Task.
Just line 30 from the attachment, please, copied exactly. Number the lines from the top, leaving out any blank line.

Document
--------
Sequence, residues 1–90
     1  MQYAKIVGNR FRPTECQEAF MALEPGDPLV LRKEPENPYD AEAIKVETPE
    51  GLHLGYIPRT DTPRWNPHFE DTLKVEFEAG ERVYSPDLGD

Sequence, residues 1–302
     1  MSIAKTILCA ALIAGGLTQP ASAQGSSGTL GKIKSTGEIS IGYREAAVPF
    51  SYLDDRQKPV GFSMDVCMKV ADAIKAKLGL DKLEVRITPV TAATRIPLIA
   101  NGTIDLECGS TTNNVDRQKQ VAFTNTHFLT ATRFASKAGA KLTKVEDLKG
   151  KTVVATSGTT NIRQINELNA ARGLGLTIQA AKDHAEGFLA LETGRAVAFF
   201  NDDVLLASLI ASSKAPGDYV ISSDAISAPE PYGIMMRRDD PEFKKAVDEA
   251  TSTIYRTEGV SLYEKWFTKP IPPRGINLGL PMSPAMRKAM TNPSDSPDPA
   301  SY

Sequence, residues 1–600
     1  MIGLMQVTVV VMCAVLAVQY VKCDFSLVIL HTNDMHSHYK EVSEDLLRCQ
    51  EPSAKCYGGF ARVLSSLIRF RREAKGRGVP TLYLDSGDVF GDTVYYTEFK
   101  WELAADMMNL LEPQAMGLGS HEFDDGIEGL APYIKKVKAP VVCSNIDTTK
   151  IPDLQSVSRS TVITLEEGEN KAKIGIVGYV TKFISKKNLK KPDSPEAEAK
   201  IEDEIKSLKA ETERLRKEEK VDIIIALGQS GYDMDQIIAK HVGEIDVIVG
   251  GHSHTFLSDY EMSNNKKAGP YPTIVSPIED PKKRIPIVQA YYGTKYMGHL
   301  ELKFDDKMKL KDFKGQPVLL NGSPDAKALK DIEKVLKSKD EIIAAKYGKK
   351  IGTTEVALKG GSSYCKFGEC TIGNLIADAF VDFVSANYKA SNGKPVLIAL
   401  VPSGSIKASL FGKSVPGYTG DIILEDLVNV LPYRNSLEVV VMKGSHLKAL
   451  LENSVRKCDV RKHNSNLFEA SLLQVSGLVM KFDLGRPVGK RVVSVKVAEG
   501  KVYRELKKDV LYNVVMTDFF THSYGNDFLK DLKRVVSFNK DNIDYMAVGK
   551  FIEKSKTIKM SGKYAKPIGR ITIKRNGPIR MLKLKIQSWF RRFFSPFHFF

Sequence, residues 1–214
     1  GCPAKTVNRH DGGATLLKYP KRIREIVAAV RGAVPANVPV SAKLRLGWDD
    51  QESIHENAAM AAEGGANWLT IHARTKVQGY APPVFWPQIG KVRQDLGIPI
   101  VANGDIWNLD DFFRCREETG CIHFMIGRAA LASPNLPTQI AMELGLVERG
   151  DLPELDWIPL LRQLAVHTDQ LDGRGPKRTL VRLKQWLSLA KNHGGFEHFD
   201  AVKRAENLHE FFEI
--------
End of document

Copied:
   201  AVKRAENLHE FFEI